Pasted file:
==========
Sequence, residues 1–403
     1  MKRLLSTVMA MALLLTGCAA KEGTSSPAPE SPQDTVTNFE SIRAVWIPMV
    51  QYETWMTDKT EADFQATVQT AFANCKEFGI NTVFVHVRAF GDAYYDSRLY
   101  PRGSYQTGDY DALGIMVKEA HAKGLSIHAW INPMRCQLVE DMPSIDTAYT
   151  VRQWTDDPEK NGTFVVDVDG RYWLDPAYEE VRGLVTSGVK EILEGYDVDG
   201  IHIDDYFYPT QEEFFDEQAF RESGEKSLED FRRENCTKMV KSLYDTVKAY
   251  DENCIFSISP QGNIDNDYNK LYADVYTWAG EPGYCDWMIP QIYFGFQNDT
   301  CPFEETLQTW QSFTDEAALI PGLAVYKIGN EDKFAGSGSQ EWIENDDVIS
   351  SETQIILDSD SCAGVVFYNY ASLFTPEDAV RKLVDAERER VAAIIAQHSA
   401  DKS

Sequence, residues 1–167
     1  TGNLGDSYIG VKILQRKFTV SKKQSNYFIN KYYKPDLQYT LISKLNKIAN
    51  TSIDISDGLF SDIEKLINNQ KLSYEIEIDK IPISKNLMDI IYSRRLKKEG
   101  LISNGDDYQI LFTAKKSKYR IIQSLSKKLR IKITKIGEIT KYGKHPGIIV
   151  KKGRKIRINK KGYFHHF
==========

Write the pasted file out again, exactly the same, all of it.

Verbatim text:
Sequence, residues 1–403
     1  MKRLLSTVMA MALLLTGCAA KEGTSSPAPE SPQDTVTNFE SIRAVWIPMV
    51  QYETWMTDKT EADFQATVQT AFANCKEFGI NTVFVHVRAF GDAYYDSRLY
   101  PRGSYQTGDY DALGIMVKEA HAKGLSIHAW INPMRCQLVE DMPSIDTAYT
   151  VRQWTDDPEK NGTFVVDVDG RYWLDPAYEE VRGLVTSGVK EILEGYDVDG
   201  IHIDDYFYPT QEEFFDEQAF RESGEKSLED FRRENCTKMV KSLYDTVKAY
   251  DENCIFSISP QGNIDNDYNK LYADVYTWAG EPGYCDWMIP QIYFGFQNDT
   301  CPFEETLQTW QSFTDEAALI PGLAVYKIGN EDKFAGSGSQ EWIENDDVIS
   351  SETQIILDSD SCAGVVFYNY ASLFTPEDAV RKLVDAERER VAAIIAQHSA
   401  DKS

Sequence, residues 1–167
     1  TGNLGDSYIG VKILQRKFTV SKKQSNYFIN KYYKPDLQYT LISKLNKIAN
    51  TSIDISDGLF SDIEKLINNQ KLSYEIEIDK IPISKNLMDI IYSRRLKKEG
   101  LISNGDDYQI LFTAKKSKYR IIQSLSKKLR IKITKIGEIT KYGKHPGIIV
   151  KKGRKIRINK KGYFHHF